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An assessment of the use of Hepatitis B Virus core protein virus-like particles to display heterologous antigens from Neisseria meningitidis

DOI: 10.1016/j.vaccine.2020.03.001 DOI Help

Authors: Sebastian Aston-deaville (University of Manchester) , Emil Carlsson (University of Manchester) , Muhammad Saleem (University of Manchester) , Angela Thistlethwaite (University of Manchester) , Hannah Chan (National Institute for Biological Standards and Contro) , Sunil Maharjan (National Institute for Biological Standards and Contro) , Alessandra Facchetti (National Institute for Biological Standards and Contro) , Ian M. Feavers (National Institute for Biological Standards and Contro) , C. Alistair Siebert (Diamond Light Source) , Richard F. Collins (University of Manchester) , Alan Roseman (University of Manchester) , Jeremy P. Derrick (The University of Manchester)
Co-authored by industrial partner: No

Type: Journal Paper
Journal: Vaccine , VOL 38 , PAGES 3201 - 3209

State: Published (Approved)
Published: April 2020
Diamond Proposal Number(s): 16619

Open Access Open Access

Abstract: Neisseria meningitidis is the causative agent of meningococcal meningitis and sepsis and remains a significant public health problem in many countries. Efforts to develop a comprehensive vaccine against serogroup B meningococci have focused on the use of surface-exposed outer membrane proteins. Here we report the use of virus-like particles derived from the core protein of Hepatitis B Virus, HBc, to incorporate antigen domains derived from Factor H binding protein (FHbp) and the adhesin NadA. The extracellular domain of NadA was inserted into the major immunodominant region of HBc, and the C-terminal domain of FHbp at the C-terminus (CFHbp), creating a single polypeptide chain 3.7-fold larger than native HBc. Remarkably, cryoelectron microscopy revealed that the construct formed assemblies that were able to incorporate both antigens with minimal structural changes to native HBc. Electron density was weak for NadA and absent for CFHbp, partly attributable to domain flexibility. Following immunization of mice, three HBc fusions (CFHbp or NadA alone, NadA + CFHbp) were able to induce production of IgG1, IgG2a and IgG2b antibodies reactive against their respective antigens at dilutions in excess of 1:18,000. However, only HBc fusions containing NadA elicited the production of antibodies with serum bactericidal activity. It is hypothesized that this improved immune response is attributable to the adoption of a more native-like folding of crucial conformational epitopes of NadA within the chimeric VLP. This work demonstrates that HBc can incorporate insertions of large antigen domains but that maintenance of their three-dimensional structure is likely to be critical in obtaining a protective response.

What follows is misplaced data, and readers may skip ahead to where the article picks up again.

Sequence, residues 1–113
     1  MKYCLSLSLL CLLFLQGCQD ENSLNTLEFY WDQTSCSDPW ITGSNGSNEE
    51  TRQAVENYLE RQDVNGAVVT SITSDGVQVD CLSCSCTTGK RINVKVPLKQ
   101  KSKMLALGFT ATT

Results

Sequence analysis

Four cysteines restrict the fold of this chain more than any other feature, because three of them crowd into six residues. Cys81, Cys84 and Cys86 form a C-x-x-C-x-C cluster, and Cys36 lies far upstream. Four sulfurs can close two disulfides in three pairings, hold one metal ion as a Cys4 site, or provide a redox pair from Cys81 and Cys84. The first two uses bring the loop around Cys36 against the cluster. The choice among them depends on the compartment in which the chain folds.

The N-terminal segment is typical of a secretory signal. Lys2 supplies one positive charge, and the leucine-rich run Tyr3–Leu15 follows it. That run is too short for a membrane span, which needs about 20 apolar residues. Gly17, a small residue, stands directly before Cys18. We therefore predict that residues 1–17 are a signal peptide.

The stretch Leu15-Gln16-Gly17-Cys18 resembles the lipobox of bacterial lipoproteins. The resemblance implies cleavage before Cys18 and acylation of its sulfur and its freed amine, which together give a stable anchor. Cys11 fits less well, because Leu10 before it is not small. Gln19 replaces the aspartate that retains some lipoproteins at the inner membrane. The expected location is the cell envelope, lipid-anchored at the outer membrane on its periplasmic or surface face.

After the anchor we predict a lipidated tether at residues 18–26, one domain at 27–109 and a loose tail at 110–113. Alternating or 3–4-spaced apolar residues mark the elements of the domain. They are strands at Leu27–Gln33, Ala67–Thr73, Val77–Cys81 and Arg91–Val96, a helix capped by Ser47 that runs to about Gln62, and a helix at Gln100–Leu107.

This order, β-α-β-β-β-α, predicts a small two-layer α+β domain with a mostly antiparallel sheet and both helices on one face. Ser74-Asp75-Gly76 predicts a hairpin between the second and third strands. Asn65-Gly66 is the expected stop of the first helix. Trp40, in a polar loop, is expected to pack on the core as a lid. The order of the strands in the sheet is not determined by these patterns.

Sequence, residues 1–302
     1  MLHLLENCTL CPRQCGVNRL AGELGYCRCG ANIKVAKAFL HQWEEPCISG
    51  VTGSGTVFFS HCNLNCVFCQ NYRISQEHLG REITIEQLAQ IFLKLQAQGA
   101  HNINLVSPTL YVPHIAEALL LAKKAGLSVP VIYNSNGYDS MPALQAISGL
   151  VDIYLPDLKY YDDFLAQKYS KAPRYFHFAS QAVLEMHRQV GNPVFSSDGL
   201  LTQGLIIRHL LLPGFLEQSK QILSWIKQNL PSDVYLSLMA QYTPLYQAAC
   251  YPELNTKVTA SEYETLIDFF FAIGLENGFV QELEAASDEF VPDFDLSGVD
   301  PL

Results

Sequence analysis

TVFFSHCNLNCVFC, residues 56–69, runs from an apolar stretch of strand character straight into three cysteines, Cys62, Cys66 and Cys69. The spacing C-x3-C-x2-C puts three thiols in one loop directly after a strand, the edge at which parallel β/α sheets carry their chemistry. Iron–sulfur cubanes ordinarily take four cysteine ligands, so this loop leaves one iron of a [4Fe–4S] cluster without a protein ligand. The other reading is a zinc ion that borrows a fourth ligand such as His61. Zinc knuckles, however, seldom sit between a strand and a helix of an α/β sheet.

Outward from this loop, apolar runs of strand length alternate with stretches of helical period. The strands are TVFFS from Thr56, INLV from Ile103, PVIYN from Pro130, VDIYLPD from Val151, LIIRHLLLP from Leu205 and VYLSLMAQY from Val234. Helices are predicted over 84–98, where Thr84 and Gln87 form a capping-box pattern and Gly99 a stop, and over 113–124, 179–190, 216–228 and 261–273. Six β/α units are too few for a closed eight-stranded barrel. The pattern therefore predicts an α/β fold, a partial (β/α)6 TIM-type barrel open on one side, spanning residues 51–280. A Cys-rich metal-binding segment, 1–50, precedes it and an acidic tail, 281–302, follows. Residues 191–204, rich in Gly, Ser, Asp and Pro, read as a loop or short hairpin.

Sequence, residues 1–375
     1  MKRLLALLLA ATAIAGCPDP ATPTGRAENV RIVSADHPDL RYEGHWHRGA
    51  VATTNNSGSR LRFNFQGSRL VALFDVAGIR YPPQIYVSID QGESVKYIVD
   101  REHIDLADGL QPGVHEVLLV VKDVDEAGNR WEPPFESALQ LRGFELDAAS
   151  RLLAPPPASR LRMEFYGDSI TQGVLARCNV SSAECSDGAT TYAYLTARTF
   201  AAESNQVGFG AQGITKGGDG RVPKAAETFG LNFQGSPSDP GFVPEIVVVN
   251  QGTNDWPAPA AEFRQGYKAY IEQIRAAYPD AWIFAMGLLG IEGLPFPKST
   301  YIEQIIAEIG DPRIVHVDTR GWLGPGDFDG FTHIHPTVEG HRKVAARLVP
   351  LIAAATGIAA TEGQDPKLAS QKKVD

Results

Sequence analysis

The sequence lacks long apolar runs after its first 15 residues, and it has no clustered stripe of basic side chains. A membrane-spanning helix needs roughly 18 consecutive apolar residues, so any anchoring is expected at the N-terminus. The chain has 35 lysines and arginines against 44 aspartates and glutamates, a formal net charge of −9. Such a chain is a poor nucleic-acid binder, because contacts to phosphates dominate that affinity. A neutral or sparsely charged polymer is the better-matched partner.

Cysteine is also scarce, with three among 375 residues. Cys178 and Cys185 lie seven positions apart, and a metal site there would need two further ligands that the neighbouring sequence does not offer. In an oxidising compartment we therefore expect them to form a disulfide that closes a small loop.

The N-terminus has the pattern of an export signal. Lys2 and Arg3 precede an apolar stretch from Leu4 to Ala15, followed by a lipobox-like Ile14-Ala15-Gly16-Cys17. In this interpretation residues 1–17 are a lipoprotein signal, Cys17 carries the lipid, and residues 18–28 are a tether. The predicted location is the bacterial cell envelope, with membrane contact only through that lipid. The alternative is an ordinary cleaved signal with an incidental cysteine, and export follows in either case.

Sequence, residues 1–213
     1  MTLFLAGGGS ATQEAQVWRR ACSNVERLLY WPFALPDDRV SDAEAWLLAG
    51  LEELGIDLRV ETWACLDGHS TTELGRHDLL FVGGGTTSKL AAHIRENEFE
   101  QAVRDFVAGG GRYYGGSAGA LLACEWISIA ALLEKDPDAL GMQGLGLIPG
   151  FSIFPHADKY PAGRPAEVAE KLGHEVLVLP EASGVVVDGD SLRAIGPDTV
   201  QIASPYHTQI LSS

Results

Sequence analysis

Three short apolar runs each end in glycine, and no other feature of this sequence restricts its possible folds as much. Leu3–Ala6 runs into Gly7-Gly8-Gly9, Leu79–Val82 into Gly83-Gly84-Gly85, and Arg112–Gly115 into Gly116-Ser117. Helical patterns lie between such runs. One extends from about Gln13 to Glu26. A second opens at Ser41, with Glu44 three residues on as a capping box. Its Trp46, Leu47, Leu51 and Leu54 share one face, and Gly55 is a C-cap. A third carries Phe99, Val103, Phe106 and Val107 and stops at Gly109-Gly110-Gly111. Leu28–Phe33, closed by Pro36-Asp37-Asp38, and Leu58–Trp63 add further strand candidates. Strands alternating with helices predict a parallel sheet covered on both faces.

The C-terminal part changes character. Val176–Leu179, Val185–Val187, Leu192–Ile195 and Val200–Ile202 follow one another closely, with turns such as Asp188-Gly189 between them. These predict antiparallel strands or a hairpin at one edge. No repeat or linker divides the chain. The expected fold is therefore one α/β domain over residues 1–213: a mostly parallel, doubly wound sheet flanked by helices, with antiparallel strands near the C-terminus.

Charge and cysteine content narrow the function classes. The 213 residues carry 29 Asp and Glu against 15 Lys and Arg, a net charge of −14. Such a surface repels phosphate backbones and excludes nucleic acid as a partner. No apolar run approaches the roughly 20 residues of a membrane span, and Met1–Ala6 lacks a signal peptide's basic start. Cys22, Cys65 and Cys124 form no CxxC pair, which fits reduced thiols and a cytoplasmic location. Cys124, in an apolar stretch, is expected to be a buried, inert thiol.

Journal Keywords: Neisseria meningitidis; Virus-like particle; Electron microscopy; Structural vaccinology

Subject Areas: Biology and Bio-materials, Medicine

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